With HIV, Can We Get to Zero?i
Carol Pearson
November 29, 2015 1:23 PM
The theme of this year's World AIDS Day is "Getting to Zero." The U.N. says new HIV infections have been reduced by 35 percent since 2000 and AIDS-related deaths are down by 42 percent since the peak in 2004. VOA's Carol Pearson takes a look at what it might take to actually have an AIDS-free generation.

Video With HIV, Can We Get to Zero?

The theme of this year's World AIDS Day is "Getting to Zero." The U.N. says new HIV infections have been reduced by 35 percent since 2000 and AIDS-related deaths are down by 42 percent since the peak in 2004. VOA's Carol Pearson takes a look at what it might take to actually have an AIDS-free generation.

Video Political Motives Seen Behind Cancelled Cambodian Water Festival

For the fourth time in the five years since more than 350 people were killed in a stampede at Cambodia’s annual water festival, authorities canceled the event this year. Officials blamed environmental reasons as the cause, but many see it as fallout from rising political tensions with a fresh wave of ruling party intimidation against the opposition. David Boyle and Kimlong Meng report from Phnom Penh.

Video African Circus Gives At-Risk Youth a 2nd Chance

Ethiopia hosted the first African Circus Arts Festival this past weekend with performers from seven different African countries. Most of the performers are youngsters coming form challenging backgrounds who say the circus gave them a second chance.

Video US Lawmakers Brace for End-of-Year Battles

U.S. lawmakers are returning to Washington for Congress’ final working weeks of the year. And, as VOA's Michael Bowman reports, a full slate of legislative business awaits them, from keeping the federal government open to resolving a battle with the White House over the admittance of Syrian refugees.

Video Taiwan Looks for Role in South China Sea Dispute

The Taiwanese government is one of several that claims territory in the hotly contested South China Sea, but Taipei has long been sidelined in the dispute, overshadowed by China. Now, as the Philippines challenges Beijing’s claims in an international court at The Hague, Taipei is looking to publicly assert its claims. VOA’s Bill Ide has more from Beijing.

Video After Terrorist Attacks, Support for Refugees Fades

The terrorists who killed and injured almost 500 people around Paris this month are mostly French or Belgian nationals. But at least two apparently took advantage of Europe’s migrant crisis to sneak into the region. The discovery has hardened views about legitimate refugees, including those fleeing the same extremist violence that hit the French capital. Lisa Bryant has this report for VOA from the Paris suburb of Cergy-Pontoise

Video Syrian Refugees in US Express Concern for Those Left Behind

Syrian immigrants in the United States are concerned about the negative tide of public opinion and the politicians who want to block a U.S. plan to accept 10,000 Syrian refugees. Zlatica Hoke reports many Americans are fighting to dispel suspicions linking refugees to terrorists.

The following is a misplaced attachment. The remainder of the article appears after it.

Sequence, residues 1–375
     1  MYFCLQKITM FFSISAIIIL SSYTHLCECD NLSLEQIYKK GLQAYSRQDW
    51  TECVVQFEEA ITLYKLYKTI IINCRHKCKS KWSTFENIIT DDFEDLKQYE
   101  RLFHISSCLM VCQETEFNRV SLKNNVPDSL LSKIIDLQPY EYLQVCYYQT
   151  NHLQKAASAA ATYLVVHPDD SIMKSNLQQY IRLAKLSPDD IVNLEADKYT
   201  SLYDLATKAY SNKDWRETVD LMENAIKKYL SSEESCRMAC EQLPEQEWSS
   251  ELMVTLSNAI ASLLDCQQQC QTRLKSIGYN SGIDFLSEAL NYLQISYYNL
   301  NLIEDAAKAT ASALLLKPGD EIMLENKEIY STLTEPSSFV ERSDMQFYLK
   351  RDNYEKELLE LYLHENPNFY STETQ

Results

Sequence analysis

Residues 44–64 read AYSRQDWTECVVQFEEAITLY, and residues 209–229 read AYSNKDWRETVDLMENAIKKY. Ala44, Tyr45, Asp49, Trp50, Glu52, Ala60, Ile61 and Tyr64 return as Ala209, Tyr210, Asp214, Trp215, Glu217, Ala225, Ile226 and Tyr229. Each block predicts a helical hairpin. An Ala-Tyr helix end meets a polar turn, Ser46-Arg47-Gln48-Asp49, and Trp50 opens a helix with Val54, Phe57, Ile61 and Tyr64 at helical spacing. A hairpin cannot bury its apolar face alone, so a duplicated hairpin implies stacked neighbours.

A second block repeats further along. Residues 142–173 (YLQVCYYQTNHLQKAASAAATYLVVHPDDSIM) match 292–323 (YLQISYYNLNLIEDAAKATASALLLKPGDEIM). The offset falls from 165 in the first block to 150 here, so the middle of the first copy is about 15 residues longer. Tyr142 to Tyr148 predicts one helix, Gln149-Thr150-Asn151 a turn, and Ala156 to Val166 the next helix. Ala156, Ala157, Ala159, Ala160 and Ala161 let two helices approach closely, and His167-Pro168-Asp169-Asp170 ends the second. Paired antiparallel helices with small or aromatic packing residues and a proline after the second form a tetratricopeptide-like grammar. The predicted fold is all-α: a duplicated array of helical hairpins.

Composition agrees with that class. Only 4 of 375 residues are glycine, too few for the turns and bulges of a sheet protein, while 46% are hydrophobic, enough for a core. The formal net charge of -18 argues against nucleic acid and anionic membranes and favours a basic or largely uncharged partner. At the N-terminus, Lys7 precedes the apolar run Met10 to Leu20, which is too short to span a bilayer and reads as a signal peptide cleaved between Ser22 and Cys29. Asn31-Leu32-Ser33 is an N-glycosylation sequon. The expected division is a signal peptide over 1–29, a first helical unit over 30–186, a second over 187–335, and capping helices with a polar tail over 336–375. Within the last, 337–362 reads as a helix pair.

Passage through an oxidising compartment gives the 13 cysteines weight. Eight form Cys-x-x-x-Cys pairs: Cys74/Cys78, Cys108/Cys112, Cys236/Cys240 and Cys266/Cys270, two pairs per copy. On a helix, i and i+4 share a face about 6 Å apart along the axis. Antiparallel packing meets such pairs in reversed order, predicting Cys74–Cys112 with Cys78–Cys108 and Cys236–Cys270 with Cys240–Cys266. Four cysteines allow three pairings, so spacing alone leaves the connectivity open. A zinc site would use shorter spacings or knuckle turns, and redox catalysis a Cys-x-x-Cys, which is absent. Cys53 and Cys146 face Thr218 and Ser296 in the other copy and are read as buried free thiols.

Video Thais Send Security Concerns Down the River

As Thailand takes in the annual Loy Krathong festival, many ponder the country’s future and security. Steve Sandford reports from Chiang Mai.

Video Islamic State Unfazed by Losses in Iraq, Syria

Progress in the U.S.-led effort to beat Islamic State on its home turf in Iraq and Syria has led some to speculate the terror group may be growing desperate. But counterterror officials say that is not the case, and warn the recent spate of terror attacks is merely part of the group’s evolution. VOA National Security correspondent Jeff Seldin has more.

Video Belgium-Germany Border Remains Porous, Even As Manhunt For Paris Attacker Continues

One of the suspected gunmen in the Nov. 13 Paris attacks, Salah Abdeslam, evaded law enforcement, made his way to Belgium, and is now believed to have fled to Germany. VOA correspondent Ayesha Tanzeem makes the journey across the border from Belgium into Germany to see how porous the borders really are.

Video US, Cambodian Navies Pair Up in Gulf of Thailand

The U.S. Navy has deployed one of its newest and most advanced ships to Cambodia to conduct joint training drills in the Gulf of Thailand. Riding hull-to-hull with Cambodian ships, the seamen of the USS Fort Worth are executing joint-training drills that will help build relations in Southeast Asia. David Boyle reports for VOA from Preah Sihanouk province.

Video Uncertain Future for Syrian Refugee Resettlement in Illinois

For the trickle of Syrian refugees finding new homes in the Midwest city of Chicago, the call to end resettlement in many U.S. states is adding another dimension to their long journey fleeing war. Organizations working to help them integrate say the backlash since the Paris attacks is both harming and helping their efforts to provide refugees sanctuary. VOA's Kane Farabaugh reports.

VOA Blogs